Ukrainian gov't websites hacked a day before Russia announces arrests of REvil ransomware gang, and following a week of failed diplomacy
The websites of the Ukrainian Foreign Ministry, Cabinet of Ministers, Security and Defense Council and dozens of other government sites were breached in the early hours of Friday, as tensions with Russia near their boiling point, and the US warns of a possible imminent Russian military invasion.
“All your personal data was uploaded to the public network. All data on the computer is destroyed…All information about you has become public, be afraid and expect the worst. This is your past, present and future,” said the message visible on the hacked websites. Yet, the government later said it had managed to restore most of the affected sites, and that no personal data had been stolen.
“99.9% that Russia is behind this”
Ukraine’s State Security Service were cautious, stating on Friday there “there are some signs of involvement of hacker groups associated with the special services of the Russian Federation.” Ukrainian Secretary of the National Security and Defense Council, Oleksiy Danilov, was more adamant in a Sky News interview, in which he claimed to be 99.9% sure that Russia is behind the attack, which he referred to as a “textbook move ahead of real-world military action.”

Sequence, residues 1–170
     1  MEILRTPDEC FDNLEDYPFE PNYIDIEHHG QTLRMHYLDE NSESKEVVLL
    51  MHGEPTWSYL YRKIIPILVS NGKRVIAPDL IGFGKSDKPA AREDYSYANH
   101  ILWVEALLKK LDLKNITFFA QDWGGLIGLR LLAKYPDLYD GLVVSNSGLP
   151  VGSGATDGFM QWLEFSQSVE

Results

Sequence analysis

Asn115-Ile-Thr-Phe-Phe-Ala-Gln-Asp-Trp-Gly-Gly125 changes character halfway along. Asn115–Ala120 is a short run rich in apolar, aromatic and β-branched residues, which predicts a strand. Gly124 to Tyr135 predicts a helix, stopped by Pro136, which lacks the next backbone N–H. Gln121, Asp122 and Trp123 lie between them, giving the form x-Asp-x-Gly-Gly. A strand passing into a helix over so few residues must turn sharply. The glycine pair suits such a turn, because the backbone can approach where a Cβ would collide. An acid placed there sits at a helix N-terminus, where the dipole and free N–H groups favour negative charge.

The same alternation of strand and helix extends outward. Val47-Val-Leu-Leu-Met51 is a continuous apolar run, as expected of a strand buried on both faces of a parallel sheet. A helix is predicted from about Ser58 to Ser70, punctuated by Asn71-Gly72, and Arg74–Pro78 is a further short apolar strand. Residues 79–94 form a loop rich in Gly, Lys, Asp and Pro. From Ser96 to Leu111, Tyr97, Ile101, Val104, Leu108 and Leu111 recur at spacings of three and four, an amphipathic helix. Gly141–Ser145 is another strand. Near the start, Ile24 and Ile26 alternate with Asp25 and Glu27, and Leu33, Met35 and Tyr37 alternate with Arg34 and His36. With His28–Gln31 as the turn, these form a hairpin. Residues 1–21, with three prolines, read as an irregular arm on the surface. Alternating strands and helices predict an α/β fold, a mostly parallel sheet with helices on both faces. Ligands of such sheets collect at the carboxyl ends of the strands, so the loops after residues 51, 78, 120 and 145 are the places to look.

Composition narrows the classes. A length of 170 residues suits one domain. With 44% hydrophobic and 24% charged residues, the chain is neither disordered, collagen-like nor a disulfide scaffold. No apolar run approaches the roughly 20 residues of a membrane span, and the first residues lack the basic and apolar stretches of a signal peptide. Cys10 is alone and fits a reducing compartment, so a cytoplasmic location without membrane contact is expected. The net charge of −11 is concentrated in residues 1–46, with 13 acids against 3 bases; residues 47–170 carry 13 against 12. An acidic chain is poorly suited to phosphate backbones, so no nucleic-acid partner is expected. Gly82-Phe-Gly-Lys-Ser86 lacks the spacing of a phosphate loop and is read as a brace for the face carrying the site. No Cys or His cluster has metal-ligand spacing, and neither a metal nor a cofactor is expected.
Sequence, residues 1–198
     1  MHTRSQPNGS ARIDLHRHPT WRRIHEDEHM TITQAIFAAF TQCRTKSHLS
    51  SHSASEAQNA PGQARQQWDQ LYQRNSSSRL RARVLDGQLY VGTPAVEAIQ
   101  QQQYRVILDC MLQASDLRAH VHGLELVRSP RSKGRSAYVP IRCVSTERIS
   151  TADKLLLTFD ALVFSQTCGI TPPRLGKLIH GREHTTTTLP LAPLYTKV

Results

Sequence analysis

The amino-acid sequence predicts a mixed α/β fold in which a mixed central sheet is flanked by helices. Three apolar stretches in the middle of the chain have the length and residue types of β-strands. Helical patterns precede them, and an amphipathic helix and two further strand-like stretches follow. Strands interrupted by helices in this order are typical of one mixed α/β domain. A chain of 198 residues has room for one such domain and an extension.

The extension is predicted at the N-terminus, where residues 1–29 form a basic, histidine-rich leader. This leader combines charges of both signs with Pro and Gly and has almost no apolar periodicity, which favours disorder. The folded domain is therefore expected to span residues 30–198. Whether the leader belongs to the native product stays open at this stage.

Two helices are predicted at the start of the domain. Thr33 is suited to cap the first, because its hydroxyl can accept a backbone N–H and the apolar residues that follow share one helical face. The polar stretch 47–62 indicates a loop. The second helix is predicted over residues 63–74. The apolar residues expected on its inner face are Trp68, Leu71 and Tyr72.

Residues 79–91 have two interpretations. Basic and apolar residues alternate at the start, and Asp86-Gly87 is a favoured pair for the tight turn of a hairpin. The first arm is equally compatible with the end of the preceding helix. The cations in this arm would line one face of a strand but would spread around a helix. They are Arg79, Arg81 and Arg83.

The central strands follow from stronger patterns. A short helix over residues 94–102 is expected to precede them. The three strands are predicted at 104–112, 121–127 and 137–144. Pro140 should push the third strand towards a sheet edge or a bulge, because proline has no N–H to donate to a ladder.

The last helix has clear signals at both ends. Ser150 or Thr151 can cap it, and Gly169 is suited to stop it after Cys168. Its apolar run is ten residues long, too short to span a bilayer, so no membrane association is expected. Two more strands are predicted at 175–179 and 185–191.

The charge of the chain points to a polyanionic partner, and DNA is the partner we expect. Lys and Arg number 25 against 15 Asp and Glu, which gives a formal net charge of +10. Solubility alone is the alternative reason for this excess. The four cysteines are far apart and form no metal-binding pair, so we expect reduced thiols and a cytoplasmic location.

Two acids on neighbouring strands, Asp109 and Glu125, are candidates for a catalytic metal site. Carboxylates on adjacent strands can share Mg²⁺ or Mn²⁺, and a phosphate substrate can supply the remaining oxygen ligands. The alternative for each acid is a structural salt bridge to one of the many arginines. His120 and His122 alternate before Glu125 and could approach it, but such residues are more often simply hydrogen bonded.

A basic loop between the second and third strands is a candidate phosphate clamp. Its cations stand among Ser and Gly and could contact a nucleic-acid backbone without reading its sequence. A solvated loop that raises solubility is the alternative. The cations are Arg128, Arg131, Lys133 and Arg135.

“This is not the first or second time that Ukrainian internet has been attacked since the start of the Russian military aggression,” noted the Ukrainian Information Ministry in a written statement. Since the Russian annexation of Crimea in 2014, the Ukraine has suffered various cyberattacks attributed to Russia, with Moscow repeatedly denying involvement.
The Russia-Ukraine escalation dominated the diplomatic scene all of last week, with separate talks held in Brussels (NATO-Russia council meeting), Vienna (Russia and the Organization for Security and Cooperation in Europe, OSC), and Geneva (US and Russia) – all of them hitting a dead end.
While the West has accused Russia of being the aggressor, Foreign Minister Sergei Lavrov had argued the opposite, saying that Moscow refuses to accept “the appearance of the North Atlantic Alliance on our borders”. And though tens of thousands of Russian troops have amassed on the border, President Vladimir Putin has denied invasion plans.
Last week the FBI, CISA, and the NSA issued a joint advisory warning against Russian state-sponsored cyber operations against US critical infrastructure and provided examples of previous attacks against Ukraine.